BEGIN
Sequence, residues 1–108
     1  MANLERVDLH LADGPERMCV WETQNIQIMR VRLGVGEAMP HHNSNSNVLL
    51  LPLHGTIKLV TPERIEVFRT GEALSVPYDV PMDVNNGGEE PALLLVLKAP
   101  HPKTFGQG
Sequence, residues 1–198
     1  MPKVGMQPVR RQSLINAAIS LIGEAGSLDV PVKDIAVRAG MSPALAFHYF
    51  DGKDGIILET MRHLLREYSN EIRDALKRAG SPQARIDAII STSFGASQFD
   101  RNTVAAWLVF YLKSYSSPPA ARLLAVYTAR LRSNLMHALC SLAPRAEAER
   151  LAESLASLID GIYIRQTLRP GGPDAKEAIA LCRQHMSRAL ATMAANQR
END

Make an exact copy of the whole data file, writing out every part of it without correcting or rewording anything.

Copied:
Sequence, residues 1–108
     1  MANLERVDLH LADGPERMCV WETQNIQIMR VRLGVGEAMP HHNSNSNVLL
    51  LPLHGTIKLV TPERIEVFRT GEALSVPYDV PMDVNNGGEE PALLLVLKAP
   101  HPKTFGQG
Sequence, residues 1–198
     1  MPKVGMQPVR RQSLINAAIS LIGEAGSLDV PVKDIAVRAG MSPALAFHYF
    51  DGKDGIILET MRHLLREYSN EIRDALKRAG SPQARIDAII STSFGASQFD
   101  RNTVAAWLVF YLKSYSSPPA ARLLAVYTAR LRSNLMHALC SLAPRAEAER
   151  LAESLASLID GIYIRQTLRP GGPDAKEAIA LCRQHMSRAL ATMAANQR